23

Are there any inherent differences between a Visa credit card and a Mastercard credit card?

Obviously, there can be huge differences between one Visa card and another. And between one Mastercard and another. But I am wondering about any significant categorical differences between the two major types of credit card.

Perhaps, hypothetically, Mastercard always charges merchants an extra percentage point? Perhaps Mastercard travel reward cards are always better than Visa travel reward cards? Or perhaps there's no real categorical difference.

15

For the most part, they're pretty similar. I have never noticed any differences related to MC vs. VISA, most differences are from the banks offering the cards.

It does seem that there is a greater acceptance rate for VISA cards internationally.

I have also heard that the MC warranty program (where they extend the manufacturers' warranty on anything purchased on a MC) is outstanding. I think VISA has a similar offering though, for their Signature cardholders.

  • 2
    The acceptance for VISA internationally is more because of tie-up with Banks and Merchants. Some years back in India one could to train bookings online only using Mastercard as Mastercard gave a better deal so that it can get more customers to use the card. However today both Master and Visa are equally accepted in India. – Dheer Aug 16 '11 at 13:58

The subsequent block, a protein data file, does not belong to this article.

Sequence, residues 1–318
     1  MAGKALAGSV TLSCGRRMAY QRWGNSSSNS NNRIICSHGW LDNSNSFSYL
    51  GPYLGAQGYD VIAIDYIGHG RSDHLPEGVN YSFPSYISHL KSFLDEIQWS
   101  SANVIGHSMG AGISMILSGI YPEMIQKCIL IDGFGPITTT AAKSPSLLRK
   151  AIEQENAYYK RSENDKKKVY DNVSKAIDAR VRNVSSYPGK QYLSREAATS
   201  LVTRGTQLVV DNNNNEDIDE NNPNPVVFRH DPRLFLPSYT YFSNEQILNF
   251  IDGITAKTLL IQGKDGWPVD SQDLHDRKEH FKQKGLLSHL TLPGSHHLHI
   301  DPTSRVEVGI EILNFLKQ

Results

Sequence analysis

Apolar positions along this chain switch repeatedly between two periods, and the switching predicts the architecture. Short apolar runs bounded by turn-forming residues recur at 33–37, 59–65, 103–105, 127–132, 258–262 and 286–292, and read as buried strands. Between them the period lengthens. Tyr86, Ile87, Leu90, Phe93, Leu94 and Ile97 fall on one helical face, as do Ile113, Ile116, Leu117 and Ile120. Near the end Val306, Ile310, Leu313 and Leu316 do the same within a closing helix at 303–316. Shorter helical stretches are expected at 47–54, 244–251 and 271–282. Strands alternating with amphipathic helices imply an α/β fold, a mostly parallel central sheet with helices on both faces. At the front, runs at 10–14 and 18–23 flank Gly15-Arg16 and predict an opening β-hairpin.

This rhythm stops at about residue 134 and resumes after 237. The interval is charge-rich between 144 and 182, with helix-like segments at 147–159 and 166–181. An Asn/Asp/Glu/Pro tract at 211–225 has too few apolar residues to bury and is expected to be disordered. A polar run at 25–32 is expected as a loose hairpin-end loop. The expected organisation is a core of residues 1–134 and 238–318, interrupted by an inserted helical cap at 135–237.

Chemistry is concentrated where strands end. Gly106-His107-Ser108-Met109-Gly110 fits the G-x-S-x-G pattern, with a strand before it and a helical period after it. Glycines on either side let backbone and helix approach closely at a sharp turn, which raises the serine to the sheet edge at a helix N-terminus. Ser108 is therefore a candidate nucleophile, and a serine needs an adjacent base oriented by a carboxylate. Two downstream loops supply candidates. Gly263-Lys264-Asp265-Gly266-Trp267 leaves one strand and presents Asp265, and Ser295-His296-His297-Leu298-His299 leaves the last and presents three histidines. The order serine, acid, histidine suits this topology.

12

I can't say for any country, but at least for several banks in Russia, the difference is how transactions are processed if they are nominated in different currency than the card [and both are different from the local currency of your bank's country]. E.g. when you pay for something in GBP (and the shop charges in GBP), while your card is in CHF.

For Mastercard, if currencies differ, MC first converts transaction amount (eg GBP) into EUR (using its own exchange rate), then MC charges your bank in EUR -- and your bank converts amount in EUR into currency of the card (eg CHF) using your bank's exchange rate.

For Visa, the scenario is the same except transaction amount is converted by Visa into USD, and USD amount is charged from your bank (which converts USD to currency of the card).

This typically translates into the following recommendation from a bank: "if your card is not in USD and EUR, and you are going to spend more money in Europe, choose MC; if in US, choose Visa".


Some remarks:

  1. In my experience, MC and Visa exchange rates typically have much smaller spread ("we buy" / "we sell" ratio) than a typical retail bank--but your mileage may vary. However, the payment system exchange rates are rarely applied on their own, most of the time (if not always) they are followed by bank's exchange.

  2. Bank's conversion rate for card transactions may be different from the rate it uses for other conversion operations (eg for conversion between your accounts, or for exchanging cash at the counter).

  3. For withdrawal at ATM (when currency asked for is different from the card's currency), scenario is not necessarily different between MC and Visa. Eg. for one of the banks in Russia, the amount asked at ATM is first converted into USD by Visa or MC, and then they charge your bank in USD, which converts the amount using bank's own exchange rate.